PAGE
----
1. I second pretty much all of this, Maureen. Especially your advice about getting feedback on the work and polishing it to a high sign before sending it out. If your novel has made the rounds in an early draft, you’re likely to have burned bridges even if you do a substantial rewrite. Unless a publisher suggests that they’d like to see a ms after you’ve taken another run at it, they do NOT want to see that ms again.
      As for 80% of submissions being dismal, I hate to think it’s that high. I spent 18 months as the first fiction reader for a lit mag, and my job was to cull the pile to the stories I considered “maybe”s, given the editorial slant of the mag and the sensibilities of the fiction editor who I know quite well. I usually sent on about 40% of the submissions — perhaps 30% were in the “has potential” range and the other 10% in the “I wish I’d written this!” realm. My frustration was that there are so many good writers in this country, so many fine stories and so few pages to hold them all. I think we need to keep that in mind as well. That there is probably as much good writing gone to rest in bottom drawers as there is on bookstore shelves and some of our own work may well suffer that fate. But does that shut any of us down? Of course not!

      1. The best thing I ever did, after my first book rejection with a ms I really cared about, was take the editor’s advice and start again. I went to school, then worked independently with an editor, and finally had something worth sending out again. Luckily, that first publisher, Thistledown Press, did take a second look. But only, I suspect, because I outlined exactly what I had done immediately after their initial rejection.

    2. Congratulations on the book, Margaret! Tell us more! Can we pre-order, and from where?

      You raise a very good point about submitting too soon, and I’ve been wondering myself where the line is: when do you know it’s time to haul the book back to the drawing board, or to keep sending it around (like Wayne’s 15-publishers war story!). In my case, I worked with two very good published authors before I started submitting, and it’s fairly early days yet, but I do have to bear in mind that an editor and an agent have read it in its entirety (twice, in the agent’s case) and still not picked it up, which makes me think it’s missing the je-ne-sais-quoi that makes it irresistible. I just don’t know what that is, because no one’s really given me something to sink my teeth into that I can go forth and change, although I’d happily revise if they had! I think I rather like Betty Jane’s “8 rejections” rule. So 4 more, and I overhaul ๐Ÿ˜‰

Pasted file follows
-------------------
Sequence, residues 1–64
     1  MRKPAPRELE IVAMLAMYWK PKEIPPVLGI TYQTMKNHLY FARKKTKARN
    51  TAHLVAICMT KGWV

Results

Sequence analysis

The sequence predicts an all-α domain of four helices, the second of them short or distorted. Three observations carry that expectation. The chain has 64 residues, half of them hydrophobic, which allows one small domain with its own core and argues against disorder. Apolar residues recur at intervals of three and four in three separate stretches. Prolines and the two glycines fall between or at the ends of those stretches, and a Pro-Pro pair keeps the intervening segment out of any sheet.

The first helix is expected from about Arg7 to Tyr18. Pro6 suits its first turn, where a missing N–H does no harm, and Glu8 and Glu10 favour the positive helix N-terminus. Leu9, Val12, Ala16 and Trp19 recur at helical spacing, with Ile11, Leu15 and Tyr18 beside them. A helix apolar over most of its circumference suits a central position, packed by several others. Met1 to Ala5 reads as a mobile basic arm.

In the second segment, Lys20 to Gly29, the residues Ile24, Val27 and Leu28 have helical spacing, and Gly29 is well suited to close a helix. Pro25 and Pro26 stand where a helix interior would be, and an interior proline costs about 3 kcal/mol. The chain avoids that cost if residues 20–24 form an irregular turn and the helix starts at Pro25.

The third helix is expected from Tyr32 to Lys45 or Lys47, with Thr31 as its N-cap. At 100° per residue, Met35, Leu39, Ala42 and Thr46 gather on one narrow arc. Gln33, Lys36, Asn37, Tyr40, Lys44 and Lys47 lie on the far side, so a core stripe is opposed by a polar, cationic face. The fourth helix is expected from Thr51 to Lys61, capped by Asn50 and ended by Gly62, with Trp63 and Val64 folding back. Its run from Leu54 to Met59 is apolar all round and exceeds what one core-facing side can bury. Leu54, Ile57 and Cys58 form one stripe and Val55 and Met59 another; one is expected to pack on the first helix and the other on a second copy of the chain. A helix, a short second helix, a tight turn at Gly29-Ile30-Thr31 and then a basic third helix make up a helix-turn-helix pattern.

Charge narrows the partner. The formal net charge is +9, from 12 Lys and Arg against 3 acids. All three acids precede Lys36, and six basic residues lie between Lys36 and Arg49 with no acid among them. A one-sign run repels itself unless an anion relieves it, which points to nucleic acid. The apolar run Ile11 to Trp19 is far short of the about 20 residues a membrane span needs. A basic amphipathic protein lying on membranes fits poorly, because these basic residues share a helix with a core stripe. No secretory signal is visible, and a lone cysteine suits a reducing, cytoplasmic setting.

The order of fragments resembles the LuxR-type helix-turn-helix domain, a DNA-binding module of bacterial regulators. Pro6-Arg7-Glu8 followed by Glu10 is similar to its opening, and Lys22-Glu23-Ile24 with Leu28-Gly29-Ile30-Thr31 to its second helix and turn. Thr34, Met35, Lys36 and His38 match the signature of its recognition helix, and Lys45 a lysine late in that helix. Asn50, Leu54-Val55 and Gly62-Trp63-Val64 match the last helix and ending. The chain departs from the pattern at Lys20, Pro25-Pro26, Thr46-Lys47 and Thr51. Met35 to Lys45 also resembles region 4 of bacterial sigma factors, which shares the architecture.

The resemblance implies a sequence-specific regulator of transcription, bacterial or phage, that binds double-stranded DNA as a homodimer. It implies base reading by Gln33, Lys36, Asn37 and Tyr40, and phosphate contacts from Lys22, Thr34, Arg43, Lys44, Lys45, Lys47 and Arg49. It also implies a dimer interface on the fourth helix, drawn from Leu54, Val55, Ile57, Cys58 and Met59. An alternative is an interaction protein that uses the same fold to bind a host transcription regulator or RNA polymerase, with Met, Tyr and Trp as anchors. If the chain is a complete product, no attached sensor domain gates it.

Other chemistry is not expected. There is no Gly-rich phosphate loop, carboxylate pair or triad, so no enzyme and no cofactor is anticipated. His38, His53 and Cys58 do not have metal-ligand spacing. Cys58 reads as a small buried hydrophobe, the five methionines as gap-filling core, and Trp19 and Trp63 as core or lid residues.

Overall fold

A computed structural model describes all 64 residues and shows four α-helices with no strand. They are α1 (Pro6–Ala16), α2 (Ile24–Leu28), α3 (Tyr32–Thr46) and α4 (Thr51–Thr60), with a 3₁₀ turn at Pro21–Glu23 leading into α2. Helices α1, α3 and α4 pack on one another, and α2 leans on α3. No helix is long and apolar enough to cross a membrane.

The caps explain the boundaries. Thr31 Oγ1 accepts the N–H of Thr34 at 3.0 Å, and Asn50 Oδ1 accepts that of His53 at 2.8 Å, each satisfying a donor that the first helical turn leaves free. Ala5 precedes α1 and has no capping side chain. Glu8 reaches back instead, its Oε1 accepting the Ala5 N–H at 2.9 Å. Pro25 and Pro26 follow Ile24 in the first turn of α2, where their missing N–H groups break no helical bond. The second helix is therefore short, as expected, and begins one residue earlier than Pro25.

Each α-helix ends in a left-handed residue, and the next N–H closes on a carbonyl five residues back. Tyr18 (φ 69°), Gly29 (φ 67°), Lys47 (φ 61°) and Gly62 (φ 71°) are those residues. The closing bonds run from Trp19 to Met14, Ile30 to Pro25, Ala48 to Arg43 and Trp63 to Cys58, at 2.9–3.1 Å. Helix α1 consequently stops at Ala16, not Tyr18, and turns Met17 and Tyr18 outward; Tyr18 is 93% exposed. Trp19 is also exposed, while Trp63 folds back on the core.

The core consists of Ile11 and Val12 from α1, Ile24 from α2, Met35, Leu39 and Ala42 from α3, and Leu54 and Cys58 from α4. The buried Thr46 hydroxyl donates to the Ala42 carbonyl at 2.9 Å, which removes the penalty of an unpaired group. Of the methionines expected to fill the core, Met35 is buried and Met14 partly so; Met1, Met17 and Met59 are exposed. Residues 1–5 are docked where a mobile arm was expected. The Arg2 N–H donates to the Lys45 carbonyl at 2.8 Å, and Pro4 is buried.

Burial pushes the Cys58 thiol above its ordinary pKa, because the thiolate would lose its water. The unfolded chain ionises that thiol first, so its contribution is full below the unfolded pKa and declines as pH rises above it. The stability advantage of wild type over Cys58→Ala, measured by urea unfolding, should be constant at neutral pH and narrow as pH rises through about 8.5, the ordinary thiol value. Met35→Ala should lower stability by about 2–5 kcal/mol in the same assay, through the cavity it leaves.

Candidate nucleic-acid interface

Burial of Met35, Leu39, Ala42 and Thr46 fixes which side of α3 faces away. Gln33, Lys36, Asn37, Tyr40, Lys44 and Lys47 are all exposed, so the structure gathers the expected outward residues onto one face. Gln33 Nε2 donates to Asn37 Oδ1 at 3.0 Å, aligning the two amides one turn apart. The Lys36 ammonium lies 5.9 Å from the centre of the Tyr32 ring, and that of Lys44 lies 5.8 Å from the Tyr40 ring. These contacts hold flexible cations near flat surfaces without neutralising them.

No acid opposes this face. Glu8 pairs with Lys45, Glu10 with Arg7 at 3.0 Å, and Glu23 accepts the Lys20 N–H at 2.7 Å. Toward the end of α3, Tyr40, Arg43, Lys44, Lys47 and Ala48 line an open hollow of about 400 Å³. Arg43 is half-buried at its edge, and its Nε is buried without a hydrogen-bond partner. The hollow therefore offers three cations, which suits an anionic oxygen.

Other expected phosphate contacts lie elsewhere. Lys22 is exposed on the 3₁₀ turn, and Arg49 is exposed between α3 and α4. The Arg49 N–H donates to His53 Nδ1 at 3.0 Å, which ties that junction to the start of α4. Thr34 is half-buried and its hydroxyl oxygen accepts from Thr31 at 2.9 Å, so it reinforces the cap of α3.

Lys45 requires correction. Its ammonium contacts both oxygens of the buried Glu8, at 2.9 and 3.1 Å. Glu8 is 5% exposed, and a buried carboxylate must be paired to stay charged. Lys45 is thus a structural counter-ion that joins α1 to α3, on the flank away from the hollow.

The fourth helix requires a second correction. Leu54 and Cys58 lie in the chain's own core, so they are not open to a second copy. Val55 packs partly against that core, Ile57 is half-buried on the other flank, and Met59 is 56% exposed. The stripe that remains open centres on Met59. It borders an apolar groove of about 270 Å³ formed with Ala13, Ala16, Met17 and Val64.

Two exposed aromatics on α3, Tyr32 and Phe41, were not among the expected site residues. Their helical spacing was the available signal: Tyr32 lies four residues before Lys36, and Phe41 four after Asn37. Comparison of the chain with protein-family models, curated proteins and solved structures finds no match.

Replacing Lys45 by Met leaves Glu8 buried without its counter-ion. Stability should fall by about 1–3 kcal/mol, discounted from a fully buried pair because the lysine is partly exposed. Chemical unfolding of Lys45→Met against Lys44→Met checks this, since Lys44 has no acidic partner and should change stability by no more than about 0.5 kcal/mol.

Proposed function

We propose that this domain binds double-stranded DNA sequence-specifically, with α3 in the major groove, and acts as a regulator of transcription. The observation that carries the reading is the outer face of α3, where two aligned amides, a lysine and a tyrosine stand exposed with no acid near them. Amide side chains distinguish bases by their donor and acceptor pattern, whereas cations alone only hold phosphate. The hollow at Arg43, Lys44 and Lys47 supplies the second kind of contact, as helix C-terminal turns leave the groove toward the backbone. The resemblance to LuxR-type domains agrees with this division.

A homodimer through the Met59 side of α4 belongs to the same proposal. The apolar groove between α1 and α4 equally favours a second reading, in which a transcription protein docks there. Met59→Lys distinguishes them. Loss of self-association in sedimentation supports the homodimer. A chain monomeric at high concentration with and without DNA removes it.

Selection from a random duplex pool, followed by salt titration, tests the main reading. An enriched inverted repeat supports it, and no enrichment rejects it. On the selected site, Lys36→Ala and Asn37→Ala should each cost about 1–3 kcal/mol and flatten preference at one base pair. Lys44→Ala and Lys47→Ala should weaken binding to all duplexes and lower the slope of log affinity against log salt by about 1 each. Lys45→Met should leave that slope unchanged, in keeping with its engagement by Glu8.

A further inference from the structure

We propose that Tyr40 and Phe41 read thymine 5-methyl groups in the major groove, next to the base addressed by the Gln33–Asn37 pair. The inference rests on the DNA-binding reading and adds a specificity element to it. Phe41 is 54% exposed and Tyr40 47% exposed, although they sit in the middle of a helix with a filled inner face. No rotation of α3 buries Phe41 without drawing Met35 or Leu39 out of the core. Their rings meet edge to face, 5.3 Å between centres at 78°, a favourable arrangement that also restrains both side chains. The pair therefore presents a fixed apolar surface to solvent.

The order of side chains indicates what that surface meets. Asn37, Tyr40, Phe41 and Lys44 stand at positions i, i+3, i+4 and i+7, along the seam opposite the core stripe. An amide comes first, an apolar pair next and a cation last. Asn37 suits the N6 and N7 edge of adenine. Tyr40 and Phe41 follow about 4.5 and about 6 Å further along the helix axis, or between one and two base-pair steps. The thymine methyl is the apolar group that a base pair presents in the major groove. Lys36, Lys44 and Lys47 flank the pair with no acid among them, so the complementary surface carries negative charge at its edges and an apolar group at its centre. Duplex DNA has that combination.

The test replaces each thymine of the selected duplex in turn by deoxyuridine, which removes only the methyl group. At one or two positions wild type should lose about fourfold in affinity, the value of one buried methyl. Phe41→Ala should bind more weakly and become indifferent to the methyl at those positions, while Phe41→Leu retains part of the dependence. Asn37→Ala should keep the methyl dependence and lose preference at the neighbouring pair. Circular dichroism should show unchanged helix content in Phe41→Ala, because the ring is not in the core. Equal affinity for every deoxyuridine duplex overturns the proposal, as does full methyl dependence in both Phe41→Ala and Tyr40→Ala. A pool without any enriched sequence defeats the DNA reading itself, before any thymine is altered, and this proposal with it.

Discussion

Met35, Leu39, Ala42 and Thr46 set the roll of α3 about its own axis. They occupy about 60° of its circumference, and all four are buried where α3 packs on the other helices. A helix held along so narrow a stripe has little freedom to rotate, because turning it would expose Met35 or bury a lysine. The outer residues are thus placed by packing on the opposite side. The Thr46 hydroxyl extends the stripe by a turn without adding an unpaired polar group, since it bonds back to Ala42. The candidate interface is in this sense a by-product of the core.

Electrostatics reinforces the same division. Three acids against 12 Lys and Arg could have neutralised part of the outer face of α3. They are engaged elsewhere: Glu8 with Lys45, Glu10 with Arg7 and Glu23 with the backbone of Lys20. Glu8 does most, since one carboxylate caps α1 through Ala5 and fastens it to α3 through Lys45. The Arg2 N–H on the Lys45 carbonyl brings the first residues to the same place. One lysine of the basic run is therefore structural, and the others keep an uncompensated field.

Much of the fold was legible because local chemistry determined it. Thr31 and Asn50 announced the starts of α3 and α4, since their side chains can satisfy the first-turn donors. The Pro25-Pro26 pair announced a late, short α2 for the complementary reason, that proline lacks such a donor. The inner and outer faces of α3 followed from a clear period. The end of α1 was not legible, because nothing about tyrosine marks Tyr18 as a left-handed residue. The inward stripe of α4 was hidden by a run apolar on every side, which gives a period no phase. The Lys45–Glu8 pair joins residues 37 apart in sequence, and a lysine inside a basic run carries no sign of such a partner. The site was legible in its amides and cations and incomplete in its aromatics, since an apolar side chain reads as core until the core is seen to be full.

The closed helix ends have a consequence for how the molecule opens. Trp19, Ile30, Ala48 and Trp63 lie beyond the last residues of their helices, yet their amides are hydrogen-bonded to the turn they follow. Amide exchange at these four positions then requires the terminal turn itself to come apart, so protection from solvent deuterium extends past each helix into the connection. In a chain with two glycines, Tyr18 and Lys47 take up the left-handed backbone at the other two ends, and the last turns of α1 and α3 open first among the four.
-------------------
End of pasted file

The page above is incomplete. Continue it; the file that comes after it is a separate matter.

9. I went to hear Catherine Gildiner speak a few years ago and she talked a little about her first published book Too Close to the Falls. She said she completely disregarded any and all advice not to submit her ms simultaneously. She sent it out to all the publishers she wanted to all at once. Two or three (I can’t remember how many) bit and she ended up with a nice little bidding war on her hands. No negative repercussions. Isn’t this the way it should be?? I can’t say I will be as brave as to do this, but I sure would like to. Why should the publishing companies dictate where we can try to sell our books?

    The tide seems to be turning with lit mags. More are accepting simultaneous submissions these days. Maybe book publishers will too if enough writers just go ahead and do it.


    1. Thanks, Amy! But, in response to your question, Why should the publishing companies dictate where we can try to sell our books?

      Because they’re taking the financial risk to publish your manuscript. If they are going to spend the time evaluating your manuscript then they should receive the courtesy of knowing that no one else is considering it at the same time.

  10. I admire all of you who can continue to go out with submissions! I think the key is to be so completely proud of your work and know it’s complete. I sent out my manuscript to three places, didn’t hear back from two, but got a long rejection letter from the last one but with some good revision advice. Problem is, I have no motivation to revise! I’d rather just start the next book…which is in the “works” meaning, I have it in my head but haven’t put one word down. Alas, procrastination is a writer’s bane of existence! I’d say keep going, as Betty says, you need to get more rejections before success!